Direct download (4 more)  
     
    Export citation  
     
    Bookmark   9 citations  
  23.  82
    ‘The Whole Hurly-Burly’: Wittgenstein and Embodied Cognition.Robert Greenleaf Brice - 2013 - Journal of Consciousness Studies 20 (1-2):49-58.
    While typically ignored by the cognitive sciences, Wittgenstein’s later work provides those defending embodied cognition (EC) with essential philosophical tools that serve to strengthen the argument against cognitivism. Cognition, as Wittgenstein’s work demonstrates, is not simply a matter of disembodied intellect, but is actional, time-pressured, body-based, and dependent on the larger environment.
    Direct download  
     
    Export citation  
     
    Bookmark  
  24.  77
    In Defence of Embodied Cognition: A Reply to Fred Adams.Christopher Letheby - 2012 - Phenomenology and the Cognitive Sciences 11 (3):403-414.
    Fred Adams : 619–628, 2010) criticizes the theory of embodied cognition which holds that conceptual and linguistic thought is grounded in the brain’s perceptual and sensorimotor systems. Among other things, Adams claims that: EC is potentially committed to an implausible criterion of sentence meaningfulness; EC lacks claimed advantages over rival accounts of conceptual thought; relevant experimental data do not show constitutive, but only causal, involvement of perception in conception; and EC cannot account for the comprehension of abstract concepts. (...)
    Direct download (4 more)  
     
    Export citation  
     
    Bookmark  
  25. Dynamic Embodied Cognition.Leon C. de Bruin & Lena Kästner - 2012 - Phenomenology and the Cognitive Sciences 11 (4):541-563.
    Abstract In this article, we investigate the merits of an enactive view of cognition for the contemporary debate about social cognition. If enactivism is to be a genuine alternative to classic cognitivism, it should be able to bridge the “cognitive gap”, i.e. provide us with a convincing account of those higher forms of cognition that have traditionally been the focus of its cognitivist opponents. We show that, when it comes to social cognition, current articulations of enactivism (...)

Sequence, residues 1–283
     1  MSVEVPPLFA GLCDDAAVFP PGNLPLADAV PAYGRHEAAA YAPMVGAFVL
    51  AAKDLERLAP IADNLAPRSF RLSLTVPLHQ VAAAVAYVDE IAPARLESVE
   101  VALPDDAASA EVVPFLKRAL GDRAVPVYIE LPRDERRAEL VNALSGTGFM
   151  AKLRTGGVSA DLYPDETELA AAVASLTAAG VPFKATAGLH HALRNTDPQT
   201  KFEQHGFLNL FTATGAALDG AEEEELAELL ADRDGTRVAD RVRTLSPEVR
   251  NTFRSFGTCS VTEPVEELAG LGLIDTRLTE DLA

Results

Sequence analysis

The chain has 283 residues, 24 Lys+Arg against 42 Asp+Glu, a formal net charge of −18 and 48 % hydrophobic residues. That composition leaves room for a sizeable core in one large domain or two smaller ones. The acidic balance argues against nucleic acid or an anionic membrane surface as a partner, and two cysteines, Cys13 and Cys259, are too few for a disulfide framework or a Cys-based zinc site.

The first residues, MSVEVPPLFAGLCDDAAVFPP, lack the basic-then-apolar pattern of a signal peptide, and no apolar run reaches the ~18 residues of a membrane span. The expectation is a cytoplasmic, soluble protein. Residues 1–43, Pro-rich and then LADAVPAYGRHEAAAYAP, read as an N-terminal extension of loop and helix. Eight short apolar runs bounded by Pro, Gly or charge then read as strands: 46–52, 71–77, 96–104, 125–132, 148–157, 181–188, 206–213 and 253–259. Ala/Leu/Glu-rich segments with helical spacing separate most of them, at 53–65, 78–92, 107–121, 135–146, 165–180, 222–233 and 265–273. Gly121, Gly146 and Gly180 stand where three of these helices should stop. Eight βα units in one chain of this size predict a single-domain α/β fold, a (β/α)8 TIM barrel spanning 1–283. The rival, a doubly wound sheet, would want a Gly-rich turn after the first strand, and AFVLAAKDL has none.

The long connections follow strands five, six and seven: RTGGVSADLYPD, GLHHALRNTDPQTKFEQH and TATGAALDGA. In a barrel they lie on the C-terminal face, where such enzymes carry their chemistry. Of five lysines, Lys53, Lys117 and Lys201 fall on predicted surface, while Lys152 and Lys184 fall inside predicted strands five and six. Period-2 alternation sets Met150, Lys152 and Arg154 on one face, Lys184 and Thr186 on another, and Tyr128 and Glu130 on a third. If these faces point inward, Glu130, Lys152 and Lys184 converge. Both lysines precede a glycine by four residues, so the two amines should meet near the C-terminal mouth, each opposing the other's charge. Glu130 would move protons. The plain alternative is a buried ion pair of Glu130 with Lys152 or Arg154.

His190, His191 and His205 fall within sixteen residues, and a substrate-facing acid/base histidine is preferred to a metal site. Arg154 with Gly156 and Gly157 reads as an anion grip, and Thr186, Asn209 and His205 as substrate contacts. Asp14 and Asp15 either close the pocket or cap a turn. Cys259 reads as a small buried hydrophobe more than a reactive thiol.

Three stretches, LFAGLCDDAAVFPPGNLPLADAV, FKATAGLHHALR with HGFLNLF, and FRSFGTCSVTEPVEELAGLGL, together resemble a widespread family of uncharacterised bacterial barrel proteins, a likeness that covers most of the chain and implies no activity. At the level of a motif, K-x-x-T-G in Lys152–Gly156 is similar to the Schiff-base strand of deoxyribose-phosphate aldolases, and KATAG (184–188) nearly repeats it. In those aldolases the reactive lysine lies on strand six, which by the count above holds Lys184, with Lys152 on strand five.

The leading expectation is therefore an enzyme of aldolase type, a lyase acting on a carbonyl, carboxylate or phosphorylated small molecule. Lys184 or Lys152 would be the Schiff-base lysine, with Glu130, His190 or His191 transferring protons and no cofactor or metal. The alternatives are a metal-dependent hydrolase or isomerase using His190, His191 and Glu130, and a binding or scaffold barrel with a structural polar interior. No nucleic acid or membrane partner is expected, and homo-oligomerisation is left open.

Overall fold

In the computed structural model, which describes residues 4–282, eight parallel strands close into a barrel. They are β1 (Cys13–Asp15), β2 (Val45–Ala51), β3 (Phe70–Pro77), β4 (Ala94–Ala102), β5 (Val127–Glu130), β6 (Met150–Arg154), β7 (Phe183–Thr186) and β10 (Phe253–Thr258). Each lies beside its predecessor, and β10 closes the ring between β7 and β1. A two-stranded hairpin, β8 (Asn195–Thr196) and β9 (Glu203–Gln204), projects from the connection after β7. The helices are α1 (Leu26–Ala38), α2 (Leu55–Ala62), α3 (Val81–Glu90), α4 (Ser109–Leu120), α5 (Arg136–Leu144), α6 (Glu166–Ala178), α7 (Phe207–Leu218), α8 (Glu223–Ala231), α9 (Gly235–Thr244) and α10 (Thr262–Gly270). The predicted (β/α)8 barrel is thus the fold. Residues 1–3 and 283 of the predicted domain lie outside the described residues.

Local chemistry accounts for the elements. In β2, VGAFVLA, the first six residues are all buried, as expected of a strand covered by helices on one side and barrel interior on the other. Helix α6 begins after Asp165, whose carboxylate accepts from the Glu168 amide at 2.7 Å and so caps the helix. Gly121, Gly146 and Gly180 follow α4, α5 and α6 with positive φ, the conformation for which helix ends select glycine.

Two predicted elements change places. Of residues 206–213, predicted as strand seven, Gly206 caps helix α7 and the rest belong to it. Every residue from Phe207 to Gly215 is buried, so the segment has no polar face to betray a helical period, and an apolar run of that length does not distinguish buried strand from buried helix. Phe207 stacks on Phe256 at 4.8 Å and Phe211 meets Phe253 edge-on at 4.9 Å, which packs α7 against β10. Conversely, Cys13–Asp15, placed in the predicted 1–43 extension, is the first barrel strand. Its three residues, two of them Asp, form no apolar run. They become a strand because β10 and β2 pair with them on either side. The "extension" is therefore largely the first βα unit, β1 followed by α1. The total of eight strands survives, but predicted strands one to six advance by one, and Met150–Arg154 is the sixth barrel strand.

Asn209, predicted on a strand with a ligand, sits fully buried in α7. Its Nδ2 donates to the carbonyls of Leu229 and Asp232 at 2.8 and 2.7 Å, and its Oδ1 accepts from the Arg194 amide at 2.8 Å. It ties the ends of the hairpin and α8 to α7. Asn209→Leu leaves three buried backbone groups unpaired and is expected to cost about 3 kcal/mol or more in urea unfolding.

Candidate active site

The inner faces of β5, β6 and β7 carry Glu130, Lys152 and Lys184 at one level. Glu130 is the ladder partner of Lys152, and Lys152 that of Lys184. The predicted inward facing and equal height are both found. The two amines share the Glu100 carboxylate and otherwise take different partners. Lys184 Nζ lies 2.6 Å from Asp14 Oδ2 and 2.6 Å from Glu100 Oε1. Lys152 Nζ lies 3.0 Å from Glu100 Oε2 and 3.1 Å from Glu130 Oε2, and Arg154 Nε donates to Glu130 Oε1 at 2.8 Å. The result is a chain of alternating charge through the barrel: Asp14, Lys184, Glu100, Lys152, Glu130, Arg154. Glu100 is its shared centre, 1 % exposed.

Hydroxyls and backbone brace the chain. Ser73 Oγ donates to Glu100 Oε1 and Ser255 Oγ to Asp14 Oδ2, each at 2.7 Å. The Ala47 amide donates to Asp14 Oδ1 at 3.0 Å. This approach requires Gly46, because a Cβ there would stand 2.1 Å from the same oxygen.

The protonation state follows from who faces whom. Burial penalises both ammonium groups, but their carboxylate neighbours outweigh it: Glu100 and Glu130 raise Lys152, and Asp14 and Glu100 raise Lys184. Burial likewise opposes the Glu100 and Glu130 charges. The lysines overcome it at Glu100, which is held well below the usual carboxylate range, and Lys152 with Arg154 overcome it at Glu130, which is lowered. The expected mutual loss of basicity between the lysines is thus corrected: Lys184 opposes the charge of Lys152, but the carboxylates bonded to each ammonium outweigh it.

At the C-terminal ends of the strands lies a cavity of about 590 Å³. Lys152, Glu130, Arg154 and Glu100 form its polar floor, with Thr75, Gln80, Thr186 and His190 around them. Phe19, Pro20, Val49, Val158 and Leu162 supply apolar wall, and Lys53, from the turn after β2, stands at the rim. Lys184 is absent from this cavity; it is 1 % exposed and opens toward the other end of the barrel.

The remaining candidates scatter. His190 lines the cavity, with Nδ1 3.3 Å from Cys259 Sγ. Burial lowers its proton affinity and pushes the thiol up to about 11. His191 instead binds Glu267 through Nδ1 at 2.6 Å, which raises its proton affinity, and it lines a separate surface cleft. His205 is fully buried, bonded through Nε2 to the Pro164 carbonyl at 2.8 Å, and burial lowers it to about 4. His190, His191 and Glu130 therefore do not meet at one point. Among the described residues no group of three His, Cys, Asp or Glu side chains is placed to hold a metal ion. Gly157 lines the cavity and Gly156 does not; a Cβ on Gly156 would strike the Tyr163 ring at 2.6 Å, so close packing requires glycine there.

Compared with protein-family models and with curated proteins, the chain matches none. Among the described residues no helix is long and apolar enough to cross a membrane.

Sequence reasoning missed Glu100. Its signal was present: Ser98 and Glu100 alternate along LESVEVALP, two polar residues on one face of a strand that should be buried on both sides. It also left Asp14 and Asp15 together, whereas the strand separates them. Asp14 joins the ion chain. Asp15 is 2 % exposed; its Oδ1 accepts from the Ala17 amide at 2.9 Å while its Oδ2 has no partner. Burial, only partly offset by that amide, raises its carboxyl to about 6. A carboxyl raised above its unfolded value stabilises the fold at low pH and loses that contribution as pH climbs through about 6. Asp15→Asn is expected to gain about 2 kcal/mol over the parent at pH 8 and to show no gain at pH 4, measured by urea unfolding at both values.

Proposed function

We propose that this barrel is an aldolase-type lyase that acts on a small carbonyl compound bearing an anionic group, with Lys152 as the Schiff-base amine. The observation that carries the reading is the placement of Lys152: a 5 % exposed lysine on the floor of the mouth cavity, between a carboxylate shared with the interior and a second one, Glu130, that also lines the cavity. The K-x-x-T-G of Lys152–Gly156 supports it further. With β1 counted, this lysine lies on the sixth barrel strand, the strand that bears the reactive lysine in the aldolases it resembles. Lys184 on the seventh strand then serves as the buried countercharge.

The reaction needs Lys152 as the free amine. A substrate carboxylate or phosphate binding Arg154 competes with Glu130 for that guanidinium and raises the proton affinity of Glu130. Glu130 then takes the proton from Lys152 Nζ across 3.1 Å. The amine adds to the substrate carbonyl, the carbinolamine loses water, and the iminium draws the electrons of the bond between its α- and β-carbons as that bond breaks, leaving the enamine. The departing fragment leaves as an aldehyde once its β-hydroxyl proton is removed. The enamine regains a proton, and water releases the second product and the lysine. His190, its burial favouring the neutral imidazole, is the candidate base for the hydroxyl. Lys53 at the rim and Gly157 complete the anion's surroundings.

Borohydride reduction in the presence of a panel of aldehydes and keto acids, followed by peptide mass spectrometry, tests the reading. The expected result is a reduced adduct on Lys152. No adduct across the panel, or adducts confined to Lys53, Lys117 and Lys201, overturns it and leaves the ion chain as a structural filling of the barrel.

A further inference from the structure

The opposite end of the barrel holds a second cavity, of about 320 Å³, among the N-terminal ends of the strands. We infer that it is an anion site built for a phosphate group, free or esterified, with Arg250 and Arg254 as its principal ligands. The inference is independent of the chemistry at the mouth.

Direct download (3 more)  
     
    Export citation  
     
    Bookmark   9 citations  
  26. Embodied Cognition.Lawrence Shapiro - 2010 - Routledge.
    Embodied cognition often challenges standard cognitive science. In this outstanding introduction, Lawrence Shapiro sets out the central themes and debates surrounding embodied cognition, explaining and assessing the work of many of the key figures in the field, including George Lakoff, Alva Noë, Andy Clark, and Arthur Glenberg. Beginning with an outline of the theoretical and methodological commitments of standard cognitive science, Shapiro then examines philosophical and empirical arguments surrounding the traditional perspective. He introduces topics such as (...)